I was reading over at the TIBCOmmunity site regarding the impact of virtualisation on architecture
( http://www.tibcommunity.com/blogs/soa-architecture/2009/07/24/virtualization-and-its-affect-on-architecture ). There's some handy information here, but it feels a bit lost under a heading of "SOA architecture"; so I thought I'd have a go, under the heading of "I think...".
Virtualisation is the capability to encapsulate arbitrarily complex environments (by adding yet another layer of abstraction, naturally). Virtualisation is a means of utilising commodity hardware in ways that were previously the preserve of esoteric, expensive, proprietary systems.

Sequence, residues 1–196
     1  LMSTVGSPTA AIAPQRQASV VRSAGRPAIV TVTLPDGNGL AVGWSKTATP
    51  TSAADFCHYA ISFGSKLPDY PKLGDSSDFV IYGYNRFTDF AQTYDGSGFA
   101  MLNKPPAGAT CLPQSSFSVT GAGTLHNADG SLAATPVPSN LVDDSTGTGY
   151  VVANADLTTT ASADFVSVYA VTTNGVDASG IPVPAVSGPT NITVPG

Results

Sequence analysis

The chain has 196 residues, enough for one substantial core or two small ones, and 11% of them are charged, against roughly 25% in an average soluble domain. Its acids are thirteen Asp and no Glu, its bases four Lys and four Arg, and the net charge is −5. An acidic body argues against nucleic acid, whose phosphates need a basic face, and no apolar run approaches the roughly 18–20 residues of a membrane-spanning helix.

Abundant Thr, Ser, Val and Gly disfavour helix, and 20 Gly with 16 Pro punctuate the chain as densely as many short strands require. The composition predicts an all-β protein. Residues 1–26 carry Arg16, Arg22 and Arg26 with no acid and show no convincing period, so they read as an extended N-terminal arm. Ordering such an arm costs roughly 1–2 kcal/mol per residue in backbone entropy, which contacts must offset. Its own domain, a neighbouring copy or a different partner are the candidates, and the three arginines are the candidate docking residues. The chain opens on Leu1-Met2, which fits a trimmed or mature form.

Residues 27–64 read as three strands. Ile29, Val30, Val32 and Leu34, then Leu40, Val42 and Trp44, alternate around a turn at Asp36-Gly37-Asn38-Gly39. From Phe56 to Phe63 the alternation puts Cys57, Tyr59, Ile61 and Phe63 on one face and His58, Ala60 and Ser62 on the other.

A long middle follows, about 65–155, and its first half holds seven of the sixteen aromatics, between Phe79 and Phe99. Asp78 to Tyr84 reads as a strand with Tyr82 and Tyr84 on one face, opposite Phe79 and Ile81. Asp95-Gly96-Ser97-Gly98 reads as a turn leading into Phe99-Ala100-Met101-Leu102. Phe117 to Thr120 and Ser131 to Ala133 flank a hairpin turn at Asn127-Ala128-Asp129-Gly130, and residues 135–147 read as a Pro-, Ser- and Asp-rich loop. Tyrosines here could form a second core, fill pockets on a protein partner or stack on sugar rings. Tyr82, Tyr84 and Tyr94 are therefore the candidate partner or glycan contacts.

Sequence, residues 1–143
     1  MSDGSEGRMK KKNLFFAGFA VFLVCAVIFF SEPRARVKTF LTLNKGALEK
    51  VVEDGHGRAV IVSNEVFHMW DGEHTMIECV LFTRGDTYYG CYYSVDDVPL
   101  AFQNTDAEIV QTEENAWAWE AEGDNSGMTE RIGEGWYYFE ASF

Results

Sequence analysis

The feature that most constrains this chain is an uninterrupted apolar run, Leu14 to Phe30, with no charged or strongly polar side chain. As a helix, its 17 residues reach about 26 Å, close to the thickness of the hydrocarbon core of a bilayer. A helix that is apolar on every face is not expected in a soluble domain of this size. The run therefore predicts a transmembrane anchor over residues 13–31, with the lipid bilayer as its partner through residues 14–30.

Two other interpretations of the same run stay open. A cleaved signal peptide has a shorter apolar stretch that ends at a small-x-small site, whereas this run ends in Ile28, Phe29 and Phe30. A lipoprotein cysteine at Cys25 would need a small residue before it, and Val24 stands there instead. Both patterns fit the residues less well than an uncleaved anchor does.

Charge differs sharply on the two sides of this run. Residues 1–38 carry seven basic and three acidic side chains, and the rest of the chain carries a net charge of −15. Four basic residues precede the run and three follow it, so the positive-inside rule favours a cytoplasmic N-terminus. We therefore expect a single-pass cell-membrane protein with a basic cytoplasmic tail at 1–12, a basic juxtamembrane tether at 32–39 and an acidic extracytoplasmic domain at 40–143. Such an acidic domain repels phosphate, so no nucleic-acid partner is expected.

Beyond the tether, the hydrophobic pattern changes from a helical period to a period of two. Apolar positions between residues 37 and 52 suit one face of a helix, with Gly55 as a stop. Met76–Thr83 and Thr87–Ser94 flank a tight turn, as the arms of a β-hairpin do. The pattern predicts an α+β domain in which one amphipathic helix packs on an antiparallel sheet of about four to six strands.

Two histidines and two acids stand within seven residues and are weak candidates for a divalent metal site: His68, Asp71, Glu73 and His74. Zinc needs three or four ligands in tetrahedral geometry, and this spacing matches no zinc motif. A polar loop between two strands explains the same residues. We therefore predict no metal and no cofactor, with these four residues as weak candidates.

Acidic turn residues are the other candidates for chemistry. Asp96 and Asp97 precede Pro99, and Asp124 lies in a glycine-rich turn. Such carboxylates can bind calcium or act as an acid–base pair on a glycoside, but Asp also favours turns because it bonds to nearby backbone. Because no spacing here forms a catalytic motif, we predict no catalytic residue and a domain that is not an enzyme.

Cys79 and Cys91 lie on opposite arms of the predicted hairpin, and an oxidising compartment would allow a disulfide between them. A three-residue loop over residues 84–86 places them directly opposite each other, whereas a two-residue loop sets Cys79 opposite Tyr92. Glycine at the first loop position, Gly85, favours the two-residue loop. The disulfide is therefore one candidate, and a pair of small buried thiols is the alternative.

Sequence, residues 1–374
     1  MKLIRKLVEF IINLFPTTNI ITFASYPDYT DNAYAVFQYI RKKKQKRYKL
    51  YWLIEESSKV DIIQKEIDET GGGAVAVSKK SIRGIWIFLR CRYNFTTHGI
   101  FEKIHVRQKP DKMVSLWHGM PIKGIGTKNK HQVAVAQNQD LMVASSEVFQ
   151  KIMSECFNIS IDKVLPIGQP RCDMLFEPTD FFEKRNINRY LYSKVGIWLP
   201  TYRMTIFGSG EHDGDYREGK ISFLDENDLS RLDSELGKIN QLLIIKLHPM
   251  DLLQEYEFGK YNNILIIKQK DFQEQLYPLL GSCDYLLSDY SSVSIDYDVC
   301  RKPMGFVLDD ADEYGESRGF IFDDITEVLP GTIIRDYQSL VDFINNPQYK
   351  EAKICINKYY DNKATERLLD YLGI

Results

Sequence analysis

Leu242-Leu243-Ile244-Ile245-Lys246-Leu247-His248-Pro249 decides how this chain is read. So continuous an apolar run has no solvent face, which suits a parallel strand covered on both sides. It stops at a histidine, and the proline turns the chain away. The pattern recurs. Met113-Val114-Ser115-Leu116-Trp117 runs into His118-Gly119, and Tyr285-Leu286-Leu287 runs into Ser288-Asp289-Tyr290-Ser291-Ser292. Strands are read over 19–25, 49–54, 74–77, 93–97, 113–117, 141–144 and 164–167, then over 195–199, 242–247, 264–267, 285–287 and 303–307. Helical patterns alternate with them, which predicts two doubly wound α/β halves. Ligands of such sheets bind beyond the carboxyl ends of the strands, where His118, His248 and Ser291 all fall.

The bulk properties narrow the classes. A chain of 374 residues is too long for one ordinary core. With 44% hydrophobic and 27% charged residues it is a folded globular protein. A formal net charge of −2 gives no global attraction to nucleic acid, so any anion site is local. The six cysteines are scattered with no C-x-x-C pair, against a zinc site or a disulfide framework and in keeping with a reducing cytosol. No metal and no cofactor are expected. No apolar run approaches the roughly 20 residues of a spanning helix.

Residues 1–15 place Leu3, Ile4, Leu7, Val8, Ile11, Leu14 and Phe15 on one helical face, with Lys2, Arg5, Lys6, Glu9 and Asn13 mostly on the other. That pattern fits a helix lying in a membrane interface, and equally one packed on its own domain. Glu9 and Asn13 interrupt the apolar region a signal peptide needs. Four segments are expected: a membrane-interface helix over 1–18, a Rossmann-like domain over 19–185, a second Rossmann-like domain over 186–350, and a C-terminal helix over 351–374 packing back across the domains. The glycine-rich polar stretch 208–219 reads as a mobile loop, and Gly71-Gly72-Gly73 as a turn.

What does this mean in the context of SOA?
I think the eventual result is that services can/will be built as software appliances. The moves around OSGi are heading in this direction, allowing a more 'focussed' environment to be built. I'll expand on my view of a software appliance life cycle in a later post.
I do believe that the eventual goal around a SOA (at a technical level) should be something like an AMI virtual machine (the lingua franca of the cloud), with defined "production", and management, services. This could/should be hosted in some cloud (public/private), or combination of clouds. The services/VMs may depend on other defined services (provided in a SaaS, or other, manner). Some overarching management environment will be required to manage the relationships between services (and I believe that this is where VMware is heading, fast).